Far from the sea more than 600 km, Budapest is a city that loves to be immersed in water, preferably hot, indeed very hot.
The baths in Budapest are not a recent invention of hotels that want to modernize their image with the addition of a spa, but an ancient tradition that is rooted in the territory and has become a popular custom. Do as the Hungarians do: get rid of stress, fatigue, bad thoughts and even illnesses with a bath in thermal water.
Thanks to very low prices compared to others european spas, the baths of Budapest allow you to live hours of complete relaxation within magnificent buildings in neo-baroque, art nouveau or Byzantine style, moving from one pool to another, each with water at a different temperature.
Take advantage of the evening openings (in some cases even at night) to make the most of the day for museums and monuments and then recharge your batteries with a visit to the spa, delighting in thermal water pools, Turkish baths, Jacuzzis, saunas, steam baths. Or maybe playing chess immersed in hot water: you can also do this at the thermal baths of Budapest.
The evening is one of the best times to go to the spa in Budapest because the pools are cleverly illuminated and it creates a truly magical atmosphere, but the establishments are open all day and, more importantly, all year round.
In our mini-guide to the baths of Budapest you will find all the useful information: the most beautiful baths, history, practical advice. Do not forget to pack your swimsuit … even if you leave in winter!
The most sumptuous baths of Budapest are certainly the Szechenyi Baths, an elegant neo-baroque style establishment opened in the early twentieth century. It is one of the largest in Europe and includes 18 tanks and pools (indoor and outdoor) plus 5 reserved for medical care.
Immersed in the warm water you can admire beautiful buildings with creamy yellow walls adorned with colonnades, arches, stained glass windows, domes, porcelain tiles, artistic mosaics, statues of famous Hungarian sculptors: relaxation here is luxury, but the price is affordable.
Although they are very large, do not expect to have large spaces for you: the baths of Szechenyi are the most visited in Budapest and are often crowded.
Byzantine atmospheres and suggestions await you at the magnificent Rudas Baths, built during the period of Turkish domination.
The jewel of the establishment is the Turkish bath, an octagonal pool at the center of a beautiful stone room surmounted by a dome and surrounded by arches and arabesque columns.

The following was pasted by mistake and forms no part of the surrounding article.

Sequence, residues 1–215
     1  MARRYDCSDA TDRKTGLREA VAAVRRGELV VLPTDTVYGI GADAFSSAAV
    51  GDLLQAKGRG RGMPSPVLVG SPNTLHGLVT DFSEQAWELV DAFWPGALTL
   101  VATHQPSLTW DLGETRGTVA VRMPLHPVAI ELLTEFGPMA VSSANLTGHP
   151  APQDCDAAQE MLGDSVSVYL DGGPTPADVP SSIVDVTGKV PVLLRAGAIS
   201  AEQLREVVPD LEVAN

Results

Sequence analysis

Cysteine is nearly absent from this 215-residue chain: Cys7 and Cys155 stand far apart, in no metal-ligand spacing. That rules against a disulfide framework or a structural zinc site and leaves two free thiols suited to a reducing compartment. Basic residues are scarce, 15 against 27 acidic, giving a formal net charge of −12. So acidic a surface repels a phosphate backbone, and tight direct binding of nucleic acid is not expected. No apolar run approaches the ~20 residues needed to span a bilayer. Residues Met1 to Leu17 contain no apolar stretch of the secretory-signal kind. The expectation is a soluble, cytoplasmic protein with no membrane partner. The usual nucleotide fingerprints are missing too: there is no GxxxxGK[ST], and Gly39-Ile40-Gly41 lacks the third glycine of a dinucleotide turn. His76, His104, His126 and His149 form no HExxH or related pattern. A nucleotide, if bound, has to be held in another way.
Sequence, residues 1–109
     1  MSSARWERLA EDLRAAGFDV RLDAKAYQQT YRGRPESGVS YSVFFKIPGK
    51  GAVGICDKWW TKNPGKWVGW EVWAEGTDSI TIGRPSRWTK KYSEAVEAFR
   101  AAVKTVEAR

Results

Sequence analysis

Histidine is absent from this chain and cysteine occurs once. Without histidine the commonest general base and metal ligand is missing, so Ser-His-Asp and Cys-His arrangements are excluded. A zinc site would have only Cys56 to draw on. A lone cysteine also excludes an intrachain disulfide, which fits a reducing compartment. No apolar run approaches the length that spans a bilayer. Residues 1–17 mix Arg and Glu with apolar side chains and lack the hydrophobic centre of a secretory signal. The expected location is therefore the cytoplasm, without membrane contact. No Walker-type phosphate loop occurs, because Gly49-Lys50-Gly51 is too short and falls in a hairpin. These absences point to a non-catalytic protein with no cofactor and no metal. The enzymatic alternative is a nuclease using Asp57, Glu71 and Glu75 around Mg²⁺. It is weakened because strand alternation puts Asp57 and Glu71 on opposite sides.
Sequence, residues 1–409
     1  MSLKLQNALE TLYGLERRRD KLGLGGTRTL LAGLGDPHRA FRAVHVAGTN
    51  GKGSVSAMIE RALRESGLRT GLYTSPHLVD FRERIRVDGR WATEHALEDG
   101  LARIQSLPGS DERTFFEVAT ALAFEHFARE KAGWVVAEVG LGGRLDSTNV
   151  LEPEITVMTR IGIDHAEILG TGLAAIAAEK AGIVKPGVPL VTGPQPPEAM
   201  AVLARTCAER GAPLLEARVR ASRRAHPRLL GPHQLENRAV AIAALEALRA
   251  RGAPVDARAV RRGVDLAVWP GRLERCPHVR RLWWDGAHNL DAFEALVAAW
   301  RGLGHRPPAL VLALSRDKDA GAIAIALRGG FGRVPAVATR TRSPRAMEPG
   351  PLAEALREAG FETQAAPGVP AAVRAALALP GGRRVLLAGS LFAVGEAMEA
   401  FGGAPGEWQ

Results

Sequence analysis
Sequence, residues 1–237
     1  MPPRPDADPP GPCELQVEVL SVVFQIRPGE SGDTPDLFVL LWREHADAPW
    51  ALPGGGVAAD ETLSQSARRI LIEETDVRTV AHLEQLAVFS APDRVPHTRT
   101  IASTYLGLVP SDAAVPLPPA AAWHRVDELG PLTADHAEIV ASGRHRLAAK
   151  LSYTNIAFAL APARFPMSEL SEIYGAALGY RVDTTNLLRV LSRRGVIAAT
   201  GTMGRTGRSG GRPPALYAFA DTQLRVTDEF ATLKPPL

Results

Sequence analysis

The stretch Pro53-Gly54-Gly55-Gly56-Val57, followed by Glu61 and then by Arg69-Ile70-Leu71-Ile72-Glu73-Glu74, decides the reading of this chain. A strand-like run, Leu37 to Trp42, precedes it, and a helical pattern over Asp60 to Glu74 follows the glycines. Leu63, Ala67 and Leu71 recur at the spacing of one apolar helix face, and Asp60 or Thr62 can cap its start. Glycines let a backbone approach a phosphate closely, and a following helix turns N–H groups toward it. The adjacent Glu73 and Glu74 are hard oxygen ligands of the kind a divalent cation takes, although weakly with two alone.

New areas in neoclassical Art Nouveau style were added to this original Ottoman-era room in the 19th century and modern ones in more recent times.
One of the outdoor pools has a beautiful panoramic view of the Danube.
The Gellert Baths compete with Szechenyi for the title of the most beautiful baths in Budapest. They are smaller (12 baths and pools, one of which is accessible only in summer) but no less opulent, a real jewel of art nouveau architecture.
The outdoor pools are large and pleasant to enjoy the fresh air, but the pools inside are the real wonder of the establishment, embellished with majolica, stained glass, wrought iron balconies, plants, columns decorated with sculptural elements or colorful mosaics.
Built in 1918, they are part of the luxurious Gellert Hotel but have a separate entrance.
The Lukacs Baths are one of the oldest spas in Budapest and the spring water that feeds them has exceptional healing properties, yet inexplicably they are still little known to tourists.
Take advantage of this to enjoy a day at the spa with more tranquility, without the crowds of the most famous spas, and to taste the best therapeutic waters of Budapest.
If the Byzantine atmosphere of the Rudas spa has conquered you, you can have another go at the Kiraly Baths, another thermal center built by the Turks in 1565. Expanded and modernized over the centuries, they still retain their medieval charm.
They include five baths and pools plus a wooden tub in the outdoor courtyard.